We posit at least three plausible explanations for the herding behavior by insiders. First, insider herding could result from private information channels, where relatively more informed insiders privately share information by tipping other less informed insiders and coordinate trading to mutually benefit from the shared information. While insider collusion to mutually profit from information is not in accord with theoretical models, recently researchers suggest alternative predictions. Early models suggest insiders with shared private information should compete aggressively to profit from their tradable information without benefiting other insiders (Holden and Subrahmanyam, 1992; Back et al., 2000). However, Indjejikian et al. (2014) and Ahern (2015) find rational explanations for insiders to share tradable information to jointly profit from private information. Since insider trading in a group reduces the conditional probability of being caught, insiders trading together can find safety in numbers (Sah, 1991; Glaeser et al., 1996).
On the other hand, herding could also result from insiders independently obtaining and trading on related information signals, similar to investigative herding (Lakonishok et al., 1992). In this case, we would not expect insider trade disclosure to influence herds resulting from independent insider decisions based on correlated information sets available to coworkers.
Alternatively, insider herding could result from uninformed insiders viewing the Form 4 insider trade disclosures of insider peers and following their trades in an information cascade (Bikhchandani et al., 1992). Insiders could disregard their own noisy information set and trade with the herd based on information deduced from the public disclosure of other insider trades. We seek to determine if and how corporate insiders herd by examining insider trading patterns to assimilate existing literatures on herding and insider trading.
To understand the motivation for insider trade clusters, we use network-centric analysis to identify trades most likely to be informed within insider trading clusters and discern the relative timing of insider trades.1 We find that 22% of insider purchases occur on the same day of at least one other insider purchase, and likewise, 21% of insider sales occur on the day of another insider sale.2 When we compare the conditional probability of insiders trading around other insider trades, we observe that insiders are 164% (30%) more likely to purchase (sell) shares of stock when other insiders also purchase (sell) shares on the same day. However, insider sales do not predict insider purchases, suggesting herding does not result from restrictive insider trading corporate policies. In addition to limiting our sample to non-routine trades (Cohen et al., 2012), we further control for trading around earnings announcements, where corporations frequently restrict insider trading. Our results suggest recent trading by a peer insider is an economically and statistically significant determinant of insider trading.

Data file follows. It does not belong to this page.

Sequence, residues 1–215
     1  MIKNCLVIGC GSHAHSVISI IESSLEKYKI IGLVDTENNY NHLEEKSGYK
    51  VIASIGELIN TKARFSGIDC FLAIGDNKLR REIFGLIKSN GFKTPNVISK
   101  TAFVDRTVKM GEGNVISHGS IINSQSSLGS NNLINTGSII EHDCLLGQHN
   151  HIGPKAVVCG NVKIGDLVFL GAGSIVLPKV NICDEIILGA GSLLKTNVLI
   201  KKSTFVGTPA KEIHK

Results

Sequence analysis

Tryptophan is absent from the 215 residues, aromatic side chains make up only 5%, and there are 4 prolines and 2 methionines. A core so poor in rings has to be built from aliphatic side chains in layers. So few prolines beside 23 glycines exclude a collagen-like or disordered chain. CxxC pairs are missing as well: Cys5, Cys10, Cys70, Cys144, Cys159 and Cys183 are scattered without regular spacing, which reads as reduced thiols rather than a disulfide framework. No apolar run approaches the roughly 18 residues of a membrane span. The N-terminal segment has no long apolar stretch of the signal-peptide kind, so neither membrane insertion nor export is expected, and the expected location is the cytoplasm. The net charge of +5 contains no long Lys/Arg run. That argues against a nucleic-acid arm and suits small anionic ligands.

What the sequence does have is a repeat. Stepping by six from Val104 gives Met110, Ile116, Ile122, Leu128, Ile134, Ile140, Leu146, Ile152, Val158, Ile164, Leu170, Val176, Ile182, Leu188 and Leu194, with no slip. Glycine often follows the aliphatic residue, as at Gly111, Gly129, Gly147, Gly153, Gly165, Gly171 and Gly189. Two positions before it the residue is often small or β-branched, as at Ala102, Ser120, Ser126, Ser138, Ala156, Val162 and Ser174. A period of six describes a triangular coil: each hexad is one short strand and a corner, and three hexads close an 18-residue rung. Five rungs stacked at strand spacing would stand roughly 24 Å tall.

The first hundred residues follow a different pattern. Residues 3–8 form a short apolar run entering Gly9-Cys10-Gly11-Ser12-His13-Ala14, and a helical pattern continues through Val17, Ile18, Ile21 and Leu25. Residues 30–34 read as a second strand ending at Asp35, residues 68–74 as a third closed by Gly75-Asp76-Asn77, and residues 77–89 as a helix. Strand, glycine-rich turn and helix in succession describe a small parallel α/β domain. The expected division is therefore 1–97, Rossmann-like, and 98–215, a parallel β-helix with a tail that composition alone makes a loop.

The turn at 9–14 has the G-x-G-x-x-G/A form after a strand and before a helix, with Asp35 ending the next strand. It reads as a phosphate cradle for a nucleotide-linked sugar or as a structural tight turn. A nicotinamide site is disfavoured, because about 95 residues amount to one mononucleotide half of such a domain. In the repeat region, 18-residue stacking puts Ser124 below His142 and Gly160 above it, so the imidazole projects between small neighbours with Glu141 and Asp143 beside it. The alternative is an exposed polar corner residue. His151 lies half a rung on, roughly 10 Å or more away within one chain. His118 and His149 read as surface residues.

Next, we explore whether insider herding represents informed trading activities. We show purchases of insider herds are both contrarian and informed, following poor past performance and preceding superior future performance. We observe that insider purchases followed by another insider’s purchase within two days obtain four percent higher abnormal returns over the subsequent three months, which is twice as large as the abnormal returns following insider purchases that are independent of other insider purchases. Further, we find larger market reactions following insider herds than following independent insider trades. Moreover, we find no evidence of reversals, which makes herding based upon trading fads, characteristics and reputation unlikely explanations for our results (Sias, 2004).